Fifth Circuit rules Texas school 'moment of silence' law constitutional

[JURIST] The US Court of Appeals for the Fifth Circuit [official website] on Monday upheld [opinion, PDF] the constitutionality of a Texas law mandating daily observance of a minute of silence in public schools. The three-judge panel affirmed the ruling of the US District Court for the Northern District of Texas that deemed constitutional the 2003 amendments to § 25.0821 of the Texas Educational Code [text, PDF] which provide for the enforcement of a minute of silence during which prayer is an enumerated suggested activity. The appellants argued that the statute has a religious purpose, pointing to legislative history including a statement by a legislator about the lack of school prayer. The Fifth Circuit applied the standard set forth by the Supreme Court in Lemon v. Kurtzman [opinion text] to find that as long as the statute serves a plausible secular purpose, it does not violate the Establishment clause and an individual legislator's religious motivation for supporting the statute does not alter its constitutionality:

[O]ur review of legislative history is deferential, and such deference leads to an adequate secular purpose in this case. While we cannot allow a "sham" legislative purpose, we should generally defer to the stated legislative intent. Here, that intent was to promote patriotism and allow for a moment of quiet contemplation. These are valid secular purposes, and are not outweighed by limited legislative history showing that some legislators may have been motivated by religion.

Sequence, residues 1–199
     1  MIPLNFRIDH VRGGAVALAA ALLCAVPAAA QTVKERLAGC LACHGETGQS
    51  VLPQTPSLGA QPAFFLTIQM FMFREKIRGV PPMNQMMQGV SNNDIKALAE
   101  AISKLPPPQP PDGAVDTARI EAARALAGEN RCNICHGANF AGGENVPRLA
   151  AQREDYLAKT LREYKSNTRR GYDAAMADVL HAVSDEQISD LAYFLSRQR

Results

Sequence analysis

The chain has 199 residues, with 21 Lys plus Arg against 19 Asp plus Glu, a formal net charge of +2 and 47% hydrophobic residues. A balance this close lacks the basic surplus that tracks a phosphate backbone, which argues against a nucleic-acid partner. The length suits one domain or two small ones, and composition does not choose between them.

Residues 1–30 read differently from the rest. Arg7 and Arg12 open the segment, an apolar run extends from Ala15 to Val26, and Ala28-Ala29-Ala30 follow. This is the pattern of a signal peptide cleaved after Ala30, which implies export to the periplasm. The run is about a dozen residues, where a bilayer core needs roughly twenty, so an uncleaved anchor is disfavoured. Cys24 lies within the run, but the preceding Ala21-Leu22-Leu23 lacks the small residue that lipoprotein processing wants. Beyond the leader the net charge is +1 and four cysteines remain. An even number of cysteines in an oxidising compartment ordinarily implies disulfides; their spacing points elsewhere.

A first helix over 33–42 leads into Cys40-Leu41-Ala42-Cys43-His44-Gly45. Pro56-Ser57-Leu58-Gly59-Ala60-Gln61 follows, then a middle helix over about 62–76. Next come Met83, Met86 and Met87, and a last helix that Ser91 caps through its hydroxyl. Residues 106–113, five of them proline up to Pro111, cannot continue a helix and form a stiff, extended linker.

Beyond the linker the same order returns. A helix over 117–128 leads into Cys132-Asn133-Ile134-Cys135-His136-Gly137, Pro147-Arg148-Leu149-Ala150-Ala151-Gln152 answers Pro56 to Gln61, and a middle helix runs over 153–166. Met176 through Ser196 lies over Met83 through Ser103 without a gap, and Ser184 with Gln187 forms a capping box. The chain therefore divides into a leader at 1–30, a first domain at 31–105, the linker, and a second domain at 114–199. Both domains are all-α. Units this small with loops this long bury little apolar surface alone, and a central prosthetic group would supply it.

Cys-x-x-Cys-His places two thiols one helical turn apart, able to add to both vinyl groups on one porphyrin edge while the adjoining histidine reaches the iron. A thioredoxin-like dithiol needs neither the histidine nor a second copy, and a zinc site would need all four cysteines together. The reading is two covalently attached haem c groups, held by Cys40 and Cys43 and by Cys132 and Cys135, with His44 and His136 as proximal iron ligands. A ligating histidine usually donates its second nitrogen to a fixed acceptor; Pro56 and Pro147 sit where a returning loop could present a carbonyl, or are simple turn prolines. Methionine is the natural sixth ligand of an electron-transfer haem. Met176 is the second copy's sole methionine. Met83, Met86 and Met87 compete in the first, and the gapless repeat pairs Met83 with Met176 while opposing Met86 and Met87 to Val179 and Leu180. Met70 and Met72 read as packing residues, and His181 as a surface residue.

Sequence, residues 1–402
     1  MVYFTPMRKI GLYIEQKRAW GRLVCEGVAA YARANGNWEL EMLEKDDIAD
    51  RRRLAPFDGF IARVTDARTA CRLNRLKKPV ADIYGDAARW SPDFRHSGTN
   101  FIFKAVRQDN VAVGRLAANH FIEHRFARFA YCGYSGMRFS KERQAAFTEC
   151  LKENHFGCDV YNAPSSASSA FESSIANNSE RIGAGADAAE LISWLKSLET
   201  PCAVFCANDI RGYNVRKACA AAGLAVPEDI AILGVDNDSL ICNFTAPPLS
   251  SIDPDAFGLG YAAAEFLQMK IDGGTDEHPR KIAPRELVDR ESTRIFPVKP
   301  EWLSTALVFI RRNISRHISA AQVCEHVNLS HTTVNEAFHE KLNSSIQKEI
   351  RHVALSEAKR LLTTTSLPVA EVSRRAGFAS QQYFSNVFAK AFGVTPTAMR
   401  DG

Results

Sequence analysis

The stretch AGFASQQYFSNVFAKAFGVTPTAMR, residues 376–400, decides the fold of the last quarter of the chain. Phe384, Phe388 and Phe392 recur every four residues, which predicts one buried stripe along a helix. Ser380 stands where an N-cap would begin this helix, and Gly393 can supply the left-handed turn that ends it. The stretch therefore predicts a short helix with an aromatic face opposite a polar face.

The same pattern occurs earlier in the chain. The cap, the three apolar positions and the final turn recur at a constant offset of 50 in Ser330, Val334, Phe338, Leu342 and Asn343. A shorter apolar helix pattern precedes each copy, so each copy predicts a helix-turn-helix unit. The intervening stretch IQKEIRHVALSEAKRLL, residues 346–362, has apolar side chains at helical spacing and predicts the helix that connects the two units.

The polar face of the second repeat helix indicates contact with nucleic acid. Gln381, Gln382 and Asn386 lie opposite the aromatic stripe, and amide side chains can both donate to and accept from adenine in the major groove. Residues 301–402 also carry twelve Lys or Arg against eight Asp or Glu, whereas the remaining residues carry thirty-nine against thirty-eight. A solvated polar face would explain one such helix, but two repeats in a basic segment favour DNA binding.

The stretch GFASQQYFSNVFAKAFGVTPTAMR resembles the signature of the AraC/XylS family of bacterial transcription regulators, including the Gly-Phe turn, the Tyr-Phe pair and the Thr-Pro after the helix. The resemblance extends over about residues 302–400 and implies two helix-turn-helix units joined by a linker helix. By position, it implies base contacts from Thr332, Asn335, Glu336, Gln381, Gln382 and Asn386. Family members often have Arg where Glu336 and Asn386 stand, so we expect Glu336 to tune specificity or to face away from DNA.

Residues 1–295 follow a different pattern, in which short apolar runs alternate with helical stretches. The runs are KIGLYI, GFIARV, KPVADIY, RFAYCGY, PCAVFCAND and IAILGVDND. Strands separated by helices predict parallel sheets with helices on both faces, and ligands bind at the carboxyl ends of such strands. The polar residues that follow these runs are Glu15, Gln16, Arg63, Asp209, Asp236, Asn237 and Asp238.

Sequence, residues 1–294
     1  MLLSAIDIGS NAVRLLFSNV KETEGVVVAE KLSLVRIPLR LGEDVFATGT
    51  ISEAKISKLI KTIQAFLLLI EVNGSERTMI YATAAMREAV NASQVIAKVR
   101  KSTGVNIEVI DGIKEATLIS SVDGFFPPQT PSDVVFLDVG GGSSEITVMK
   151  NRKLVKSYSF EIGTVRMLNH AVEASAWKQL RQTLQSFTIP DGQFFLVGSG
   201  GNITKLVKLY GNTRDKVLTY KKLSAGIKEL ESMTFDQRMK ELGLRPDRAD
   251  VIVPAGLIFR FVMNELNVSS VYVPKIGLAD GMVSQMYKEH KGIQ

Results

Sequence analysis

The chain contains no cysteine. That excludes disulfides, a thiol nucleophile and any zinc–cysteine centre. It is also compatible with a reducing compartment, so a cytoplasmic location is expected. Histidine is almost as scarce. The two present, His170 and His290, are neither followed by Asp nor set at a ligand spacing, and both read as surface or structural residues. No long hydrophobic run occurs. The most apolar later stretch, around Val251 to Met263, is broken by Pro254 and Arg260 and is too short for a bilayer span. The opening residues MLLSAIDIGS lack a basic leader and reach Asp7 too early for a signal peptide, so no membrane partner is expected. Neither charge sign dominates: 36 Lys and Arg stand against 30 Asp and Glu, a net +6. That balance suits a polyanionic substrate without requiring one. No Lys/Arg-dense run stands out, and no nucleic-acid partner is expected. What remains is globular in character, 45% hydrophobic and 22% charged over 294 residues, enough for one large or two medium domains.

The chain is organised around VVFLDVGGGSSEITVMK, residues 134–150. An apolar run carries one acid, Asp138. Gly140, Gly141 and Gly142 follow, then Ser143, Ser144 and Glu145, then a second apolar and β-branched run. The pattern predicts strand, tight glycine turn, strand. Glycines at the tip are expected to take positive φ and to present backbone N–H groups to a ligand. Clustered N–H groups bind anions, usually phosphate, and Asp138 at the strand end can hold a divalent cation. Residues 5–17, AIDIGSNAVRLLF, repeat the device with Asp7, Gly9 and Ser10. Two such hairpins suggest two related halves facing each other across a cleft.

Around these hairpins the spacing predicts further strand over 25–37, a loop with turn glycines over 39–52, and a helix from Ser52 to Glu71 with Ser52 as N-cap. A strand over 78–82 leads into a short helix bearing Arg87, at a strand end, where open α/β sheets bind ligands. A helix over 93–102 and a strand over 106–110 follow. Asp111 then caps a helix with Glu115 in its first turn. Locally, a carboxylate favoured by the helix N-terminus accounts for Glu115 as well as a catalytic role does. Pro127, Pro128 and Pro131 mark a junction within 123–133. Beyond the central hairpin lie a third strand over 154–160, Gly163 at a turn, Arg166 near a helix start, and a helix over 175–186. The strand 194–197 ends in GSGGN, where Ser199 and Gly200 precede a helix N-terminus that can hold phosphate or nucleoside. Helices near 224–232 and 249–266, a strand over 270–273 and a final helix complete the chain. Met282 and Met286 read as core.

In reaching its decision, the Fifth Circuit analogized to other circuits that have held similar moment of silence statutes constitutional if their provisions legitimately served a dual secular and religious purpose.

The use of prayer, moments of silence, or religious references in public schools has been highly contested. In January, an Illinois District court held that that an Illinois state law requiring a moment of silence in public schools is unconstitutional [JURIST report]. In July, the US Court of Appeals for the Eleventh Circuit upheld [JURIST report] part of a Florida law that requires students in grades kindergarten through 12 to obtain parental permission before they can be excused from reciting the Pledge of Allegiance [JURIST news archive]. In 2005, a federal judge in San Francisco ruled [JURIST report] that the recitation of the Pledge of Allegiance in public schools with the language "under God" is unconstitutional.

 

About Paper Chase

Paper Chase is JURIST's real-time legal news service, powered by a team of 30 law student reporters and editors led by law professor Bernard Hibbitts at the University of Pittsburgh School of Law. As an educational service, Paper Chase is dedicated to presenting important legal news and materials rapidly, objectively and intelligibly in an accessible format.

© Copyright JURIST Legal News and Research Services, Inc., 2013.